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‘Biloela’ Tamil family finally gets permanent residency

5 Aug 2022

AAP/Darren England

The Tamil “Biloela” family has been granted permanent residency by the Albanese government.

Immigration Minister Andrew Giles announced on Friday he had used his ministerial power to intervene to give visas to the family to allow them to stay permanently.

For the Nadesalingam family, whose cause was taken up by the Biloela community where they had settled, it is the end of a battle that involved years of detention, including on Christmas Island, court action and uncertainty.

The parents came to Australia separately by boat, met and married here, and their two daughters, Kopika and Tharnicaa, were born in Australia.

But their refugee claims were rejected, and they were put into detention after their visas expired in 2018.

One of the first acts of the Labor government was to allow the family to return to the Queensland town.

A team from the Home Affairs department visited the family to tell them personally of the decision.

Giles said Labor had promised before the election that it would allow the family to return to Biloela and would resolve their immigration status.

“Today, the government has delivered on that promise,” he said.

He said the decision “follows careful consideration of the Nadesalingam family’s complex and specific circumstances”.

He also sent a strong message designed to tell people smugglers not to take the decision as a signal. Since the change of government several boats have been intercepted from Sri Lanka and the people returned.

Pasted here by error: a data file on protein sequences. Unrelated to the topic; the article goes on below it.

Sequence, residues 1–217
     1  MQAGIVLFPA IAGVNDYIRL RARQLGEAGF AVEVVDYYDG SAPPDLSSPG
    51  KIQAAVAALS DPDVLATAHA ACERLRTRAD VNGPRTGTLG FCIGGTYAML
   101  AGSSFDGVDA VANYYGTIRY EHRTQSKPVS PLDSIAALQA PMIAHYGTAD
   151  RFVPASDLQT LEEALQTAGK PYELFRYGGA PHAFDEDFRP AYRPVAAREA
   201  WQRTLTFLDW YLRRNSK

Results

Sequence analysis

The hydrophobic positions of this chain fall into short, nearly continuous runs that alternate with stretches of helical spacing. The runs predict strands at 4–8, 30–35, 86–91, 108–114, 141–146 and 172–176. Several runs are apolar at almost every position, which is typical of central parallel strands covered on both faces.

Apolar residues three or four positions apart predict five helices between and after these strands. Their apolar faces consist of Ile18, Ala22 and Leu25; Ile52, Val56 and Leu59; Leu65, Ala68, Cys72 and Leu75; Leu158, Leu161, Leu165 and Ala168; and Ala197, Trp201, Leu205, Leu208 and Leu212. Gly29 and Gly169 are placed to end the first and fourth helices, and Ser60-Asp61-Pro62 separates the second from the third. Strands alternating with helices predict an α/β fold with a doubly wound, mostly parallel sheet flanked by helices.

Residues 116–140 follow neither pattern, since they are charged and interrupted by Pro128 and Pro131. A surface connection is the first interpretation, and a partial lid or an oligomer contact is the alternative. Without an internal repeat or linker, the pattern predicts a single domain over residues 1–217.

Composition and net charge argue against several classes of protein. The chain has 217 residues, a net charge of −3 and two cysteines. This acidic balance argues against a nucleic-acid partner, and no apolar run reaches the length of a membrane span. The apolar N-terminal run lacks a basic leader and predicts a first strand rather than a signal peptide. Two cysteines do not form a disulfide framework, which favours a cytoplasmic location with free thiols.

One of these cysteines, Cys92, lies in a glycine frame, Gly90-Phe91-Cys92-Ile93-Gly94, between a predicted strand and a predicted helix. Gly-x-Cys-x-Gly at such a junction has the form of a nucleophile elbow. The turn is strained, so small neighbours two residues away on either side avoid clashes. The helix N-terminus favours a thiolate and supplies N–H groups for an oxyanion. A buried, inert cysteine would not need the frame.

“During the past two months, the government has demonstrated we will continue to intercept and return any unauthorised vessels seeking to reach Australia, ” Giles said.

“For anyone who attempts to migrate via an unauthorised boat to Australia – you will be caught, returned or sent to a regional processing country.

"This government remains committed to Operation Sovereign Borders and stopping people smuggling.”

But shadow home affairs minister Karen Andrews said “actions have consequences and this sets a high profile precedent.

"It undermines the policy that if you come here illegally you will never settle in Australia,” she said.

Michelle Grattan does not work for, consult, own shares in or receive funding from any company or organisation that would benefit from this article, and has disclosed no relevant affiliations beyond their academic appointment.

Read the full article here.
This content was originally published by The Conversation. Original publishers retain all rights. It appears here for a limited time before automated archiving. By The Conversation

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